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A dated phylogeny shows Plio-Pleistocene climates spurred evolution of antibrowsing defences in the New Zealand flora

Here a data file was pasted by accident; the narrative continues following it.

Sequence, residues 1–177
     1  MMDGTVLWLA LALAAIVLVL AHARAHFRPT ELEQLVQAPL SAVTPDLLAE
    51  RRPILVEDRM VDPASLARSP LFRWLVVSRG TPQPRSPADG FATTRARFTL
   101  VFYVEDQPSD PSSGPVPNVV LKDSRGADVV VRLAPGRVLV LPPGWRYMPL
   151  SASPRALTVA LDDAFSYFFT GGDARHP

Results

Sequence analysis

Some plant traits may be legacies of coevolution with extinct megafauna. One example is the convergent evolution of ‘divaricate’ cage architectures in many New Zealand lineages, interpreted as a response to recently extinct flightless avian browsers whose ancestors arrived during the Paleogene period. Although experiments have confirmed that divaricate habit deters extant browsers, its abundance on frosty, droughty sites appears consistent with an earlier interpretation as a response to cold, dry Plio-Pleistocene climates. We used 45 protein-coding sequences from plastid genomes to reconstruct the evolutionary history of the divaricate habit in extant New Zealand lineages. Our dated phylogeny of 215 species included 91% of New Zealand eudicot divaricate species. We show that 86% of extant divaricate plants diverged from non-divaricate sisters within the last 5 Ma, implicating Plio-Pleistocene climates in the proliferation of cage architectures in New Zealand. Our results, combined with other recent findings, are consistent with the synthetic hypothesis that the browser-deterrent effect of cage architectures was strongly selected only when Plio-Pleistocene climatic constraints prevented woody plants from growing quickly out of reach of browsers. This is consistent with the abundance of cage architectures in other regions where plant growth is restricted by aridity or short frost-free periods.
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